Friday, January 13, 2006

Organized irresponsibility

Organized irresponsibility is prevalent in our society, whether political, corporate or social. Not that I mean that people themselves are irresponsible (although in many causes they are), but rather that responsibility is displaced because of organization. We have, for instance, the concept of "corporate personhood", which is absolutely absurd and serves only the goal of shielding people (especially CEOs and stockholders in big companies) from responsibility.

This leads to people being accused of the crimes of others who worked for the same company or organization. This kind of thinking, pushed to the extreme, has led to things such as demands for "reparation" by racially-motivated organizations, when in modern times there are no remaining victims or criminals to pay off or get money from. This is allowed to exist because of the victimocrat context - as a group of "victims", one must consider others as "the enemy" even if the reason for such labels is long gone, because the group identity depends on it.

The concept of organized irresponsibility in general, has more profound and grave consequences. This is reflected in the good old excuse of "just following orders". People think that, because an action was sanctioned by the organization, responsibility must be suspended. It's also hard to stand up and refuse to act within a culture that cultivates organizational irresponsibility.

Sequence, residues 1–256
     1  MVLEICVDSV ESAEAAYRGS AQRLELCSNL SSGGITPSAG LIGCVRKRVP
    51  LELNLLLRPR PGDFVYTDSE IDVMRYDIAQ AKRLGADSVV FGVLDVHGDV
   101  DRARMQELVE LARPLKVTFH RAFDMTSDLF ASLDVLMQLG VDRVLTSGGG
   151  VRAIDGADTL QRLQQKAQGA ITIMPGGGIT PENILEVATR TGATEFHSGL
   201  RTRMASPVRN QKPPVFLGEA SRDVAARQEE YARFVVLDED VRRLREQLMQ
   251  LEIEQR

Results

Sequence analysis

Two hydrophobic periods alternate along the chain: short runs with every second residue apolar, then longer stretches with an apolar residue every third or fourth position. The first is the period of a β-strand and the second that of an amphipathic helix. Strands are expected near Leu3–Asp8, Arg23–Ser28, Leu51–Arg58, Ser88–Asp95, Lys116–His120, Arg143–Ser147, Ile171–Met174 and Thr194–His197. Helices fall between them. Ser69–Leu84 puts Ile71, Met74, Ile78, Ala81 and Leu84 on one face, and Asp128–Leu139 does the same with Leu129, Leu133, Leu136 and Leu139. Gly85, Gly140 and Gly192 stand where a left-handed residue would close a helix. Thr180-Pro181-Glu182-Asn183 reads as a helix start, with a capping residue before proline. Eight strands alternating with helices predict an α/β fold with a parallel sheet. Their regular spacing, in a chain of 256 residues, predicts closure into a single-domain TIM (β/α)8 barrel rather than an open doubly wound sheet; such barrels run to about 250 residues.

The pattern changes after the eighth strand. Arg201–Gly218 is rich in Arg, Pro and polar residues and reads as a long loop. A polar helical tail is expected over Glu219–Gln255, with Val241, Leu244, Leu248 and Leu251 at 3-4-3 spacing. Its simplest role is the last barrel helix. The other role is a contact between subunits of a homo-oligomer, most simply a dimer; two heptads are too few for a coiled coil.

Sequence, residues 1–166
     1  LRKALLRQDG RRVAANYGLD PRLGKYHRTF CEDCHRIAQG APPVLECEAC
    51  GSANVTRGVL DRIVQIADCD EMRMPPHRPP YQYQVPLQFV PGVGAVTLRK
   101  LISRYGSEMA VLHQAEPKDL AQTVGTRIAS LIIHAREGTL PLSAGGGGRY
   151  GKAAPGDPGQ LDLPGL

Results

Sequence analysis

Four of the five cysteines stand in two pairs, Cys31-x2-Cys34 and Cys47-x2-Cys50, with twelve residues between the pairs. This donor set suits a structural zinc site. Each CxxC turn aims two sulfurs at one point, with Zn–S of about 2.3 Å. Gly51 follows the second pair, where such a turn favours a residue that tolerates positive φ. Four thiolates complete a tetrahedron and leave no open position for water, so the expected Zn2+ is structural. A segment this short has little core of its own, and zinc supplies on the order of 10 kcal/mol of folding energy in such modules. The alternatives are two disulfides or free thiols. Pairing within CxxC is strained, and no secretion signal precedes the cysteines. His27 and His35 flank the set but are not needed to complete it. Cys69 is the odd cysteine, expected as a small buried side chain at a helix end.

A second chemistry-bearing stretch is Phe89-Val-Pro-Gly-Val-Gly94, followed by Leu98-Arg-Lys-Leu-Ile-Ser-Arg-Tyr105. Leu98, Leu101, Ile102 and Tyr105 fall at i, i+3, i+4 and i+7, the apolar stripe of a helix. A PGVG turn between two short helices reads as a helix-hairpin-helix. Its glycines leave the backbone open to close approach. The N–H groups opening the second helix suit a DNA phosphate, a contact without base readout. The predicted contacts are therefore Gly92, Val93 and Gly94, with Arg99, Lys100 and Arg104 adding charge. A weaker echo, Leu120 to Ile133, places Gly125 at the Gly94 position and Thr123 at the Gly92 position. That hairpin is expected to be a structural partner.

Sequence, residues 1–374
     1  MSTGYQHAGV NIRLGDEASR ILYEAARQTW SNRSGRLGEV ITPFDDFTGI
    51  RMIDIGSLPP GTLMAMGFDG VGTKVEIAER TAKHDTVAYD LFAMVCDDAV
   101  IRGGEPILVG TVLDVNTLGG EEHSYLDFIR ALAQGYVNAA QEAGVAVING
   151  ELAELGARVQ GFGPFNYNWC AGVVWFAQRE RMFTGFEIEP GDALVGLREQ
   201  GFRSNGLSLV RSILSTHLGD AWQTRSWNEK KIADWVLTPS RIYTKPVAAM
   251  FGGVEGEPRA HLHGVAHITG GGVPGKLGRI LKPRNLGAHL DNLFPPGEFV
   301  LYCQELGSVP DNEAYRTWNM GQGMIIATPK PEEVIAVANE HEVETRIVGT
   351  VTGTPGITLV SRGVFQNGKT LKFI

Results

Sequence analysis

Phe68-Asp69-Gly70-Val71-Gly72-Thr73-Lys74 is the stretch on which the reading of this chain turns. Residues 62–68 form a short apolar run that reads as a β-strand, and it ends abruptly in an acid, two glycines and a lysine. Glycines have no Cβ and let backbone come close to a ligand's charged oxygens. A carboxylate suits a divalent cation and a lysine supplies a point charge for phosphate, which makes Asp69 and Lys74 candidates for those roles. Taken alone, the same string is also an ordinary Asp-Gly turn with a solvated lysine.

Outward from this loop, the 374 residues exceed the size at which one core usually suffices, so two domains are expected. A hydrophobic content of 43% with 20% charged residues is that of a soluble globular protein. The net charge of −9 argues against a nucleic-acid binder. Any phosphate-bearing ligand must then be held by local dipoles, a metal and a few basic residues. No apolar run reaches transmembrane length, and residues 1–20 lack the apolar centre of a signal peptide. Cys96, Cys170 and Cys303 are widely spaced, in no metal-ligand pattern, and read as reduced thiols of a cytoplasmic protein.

One factor that must contribute to this irresponsibility is the natural human instinct to obey figures of authority. The person is then left to rationalize for himself the actions he has committed under this impulse. It's easy to rationalize that "they know best" and "it's not my business". The Nazis have proven that genocide can be committed on such a basis. So has organized religion, in the name of the "supreme authority". In either case, the source of all evil is the refusal to recognize one's own values and act on them. This is the antithesis of individuality.

To have a society based on justice and individualism, it would be necessary to start making people account for their own actions, even if they are part of an organizational process. This would force people to think about their actions and assume responsibility for them. I think this would also restore a lot of individualism in our society.

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